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History of Attercliffe and the Benjamin Huntsman steelworks


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Guest detrius

Hi

Recently started a youtube on growing up in Attercliffe http://youtube.com/70sheffieldlad

Researching for information on how Attercliffe steelworks and the surounding streets and school was named by Benjamin Huntsman with his two sons.so far the only site i have found of major interest has been http://www.hrionline.ac.uk/huntsman/model.html

If anybody has more info,links etc and pictures please reply.you can also contact me on 70sheffieldlad@supanet.com

Many Thanks

Andy m

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Hi

Recently started a youtube on growing up in Attercliffe http://youtube.com/70sheffieldlad

Researching for information on how Attercliffe steelworks and the surounding streets and school was named by Benjamin Huntsman with his two sons.so far the only site i have found of major interest has been http://www.hrionline.ac.uk/huntsman/model.html

If anybody has more info,links etc and pictures please reply.you can also contact me on 70sheffieldlad@supanet.com

Many Thanks

Andy m

Benjamin Huntsman, a Doncaster clockmaker, born in Epworth in 1704 of Quaker parents, had a particular problem with springs and pendulums and resolved to make steel of better quality. His invention of ‘cast steel’, which he poured from heated clay crucibles into moulds, is traditionally dated to 1742, but it was perfected over many years of trial and error. It was the most important discovery ever made in Sheffield and in time it transformed the whole character of the place.

From here : http://cruciblebooks.com/page/view/75

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A recent addition to the Trust collection is a Benjamin Huntsman longcase clock made in Sheffield. A long piece of steel is displayed inside this clock which is reputedly a section from the first successful melt of crucible steel that Huntsman made. The clock can be seen in the main gallery at Kelham Island Museum.

The Trust’s collection also reflects the crucible process with collections of crucible steel clay pots and documentary artefacts, pictures and photographs, showing a history of the manufacturing process. The Trust has ephemera relating to Huntsman, such as a watch made by him.

From here : http://www.simt.co.uk/collections/collections-1-1-1.html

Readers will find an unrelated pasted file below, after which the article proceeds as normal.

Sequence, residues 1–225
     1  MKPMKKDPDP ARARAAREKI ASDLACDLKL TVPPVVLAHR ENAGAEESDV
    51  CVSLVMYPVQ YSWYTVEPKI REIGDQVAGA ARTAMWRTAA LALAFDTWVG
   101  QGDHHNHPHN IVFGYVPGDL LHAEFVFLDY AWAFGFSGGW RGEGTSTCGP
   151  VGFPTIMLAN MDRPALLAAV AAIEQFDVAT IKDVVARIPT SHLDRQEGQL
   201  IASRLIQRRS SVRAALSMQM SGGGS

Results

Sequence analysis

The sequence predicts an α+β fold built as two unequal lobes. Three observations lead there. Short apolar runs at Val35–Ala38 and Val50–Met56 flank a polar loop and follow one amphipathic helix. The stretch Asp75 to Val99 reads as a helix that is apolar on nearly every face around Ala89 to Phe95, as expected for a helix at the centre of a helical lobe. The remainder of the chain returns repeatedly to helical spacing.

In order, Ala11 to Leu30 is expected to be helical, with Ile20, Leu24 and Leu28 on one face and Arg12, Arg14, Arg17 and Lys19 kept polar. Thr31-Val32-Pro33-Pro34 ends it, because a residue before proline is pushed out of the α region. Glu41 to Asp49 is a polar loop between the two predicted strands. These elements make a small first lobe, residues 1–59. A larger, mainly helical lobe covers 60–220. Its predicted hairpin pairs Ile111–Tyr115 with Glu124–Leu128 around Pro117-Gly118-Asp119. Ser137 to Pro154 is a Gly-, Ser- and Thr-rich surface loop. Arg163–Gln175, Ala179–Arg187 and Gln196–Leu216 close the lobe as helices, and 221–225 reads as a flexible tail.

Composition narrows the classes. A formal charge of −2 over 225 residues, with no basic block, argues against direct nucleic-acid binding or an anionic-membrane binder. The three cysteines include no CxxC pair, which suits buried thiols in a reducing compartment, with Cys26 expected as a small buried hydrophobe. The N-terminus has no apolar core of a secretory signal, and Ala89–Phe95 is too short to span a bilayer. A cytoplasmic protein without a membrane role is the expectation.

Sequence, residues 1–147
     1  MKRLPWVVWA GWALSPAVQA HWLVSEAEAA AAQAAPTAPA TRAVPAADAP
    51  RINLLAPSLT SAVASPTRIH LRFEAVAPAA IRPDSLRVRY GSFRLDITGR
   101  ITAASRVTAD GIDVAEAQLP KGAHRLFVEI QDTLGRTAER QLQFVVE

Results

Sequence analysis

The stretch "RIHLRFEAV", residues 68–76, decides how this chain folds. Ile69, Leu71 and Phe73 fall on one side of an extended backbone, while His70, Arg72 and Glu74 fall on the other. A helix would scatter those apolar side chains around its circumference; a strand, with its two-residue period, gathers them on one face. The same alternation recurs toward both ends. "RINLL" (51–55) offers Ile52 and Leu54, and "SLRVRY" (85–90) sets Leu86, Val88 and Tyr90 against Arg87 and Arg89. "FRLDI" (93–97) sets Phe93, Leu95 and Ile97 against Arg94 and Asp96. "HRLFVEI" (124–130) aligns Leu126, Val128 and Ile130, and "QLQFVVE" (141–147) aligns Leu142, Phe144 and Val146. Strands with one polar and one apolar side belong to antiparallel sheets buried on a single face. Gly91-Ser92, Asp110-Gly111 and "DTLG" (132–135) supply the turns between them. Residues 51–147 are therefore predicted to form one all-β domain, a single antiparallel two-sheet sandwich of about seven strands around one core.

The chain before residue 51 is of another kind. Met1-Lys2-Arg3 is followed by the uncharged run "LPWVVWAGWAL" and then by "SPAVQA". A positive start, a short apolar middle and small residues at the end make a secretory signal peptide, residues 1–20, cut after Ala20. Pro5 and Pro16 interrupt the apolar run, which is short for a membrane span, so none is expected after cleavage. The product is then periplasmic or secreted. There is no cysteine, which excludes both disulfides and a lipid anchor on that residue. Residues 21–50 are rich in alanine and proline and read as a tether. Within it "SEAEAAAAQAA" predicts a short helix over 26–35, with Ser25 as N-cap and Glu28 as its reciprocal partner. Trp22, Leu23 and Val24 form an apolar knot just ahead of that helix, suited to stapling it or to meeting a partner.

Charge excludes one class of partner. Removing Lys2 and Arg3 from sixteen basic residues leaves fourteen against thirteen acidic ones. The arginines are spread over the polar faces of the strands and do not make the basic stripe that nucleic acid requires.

Maybe we can get a picture of the clock, and the piece of steel mentioned ? Tis VERY near the Fat Cat !!!

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"One cold winter’s night, while the snow was falling in heavy flakes, and the manufactory threw its red glared light over the neighbourhood, a person of the most abject appearance presented himself at the entrance, praying for permission to share the warmth and shelter which it afforded. The humane workmen found the appeal irresistible, and the apparent beggar was permitted to take up his quarters in a warm corner of the building.

A careful scrutiny would have discovered little real sleep in the drowsiness which seemed to overtake the stranger; for he eagerly watched every movement of the workmen while they went through the operations of the newly discovered process. He observed, first of all, that bars of blistered steel were broken into small pieces, two or three inches in length, and placed in crucibles of fire clay. When nearly full, a little green glass broken into small fragments was spread over the top, and the whole covered over with a closely-fitting cover.

The crucibles were then placed in a furnace previously prepared for them, and after a lapse of from three to four hours, during which the crucibles were examined from time to time to see that the metal was thoroughly melted and incorporated, the workmen proceeded to lift the crucible from its place on the furnace by means of tongs, and its molten contents, blazing, sparkling, and spurting, were poured into a mould of cast-iron previously prepared: here it was suffered to cool, while the crucibles were again filled, and the process repeated.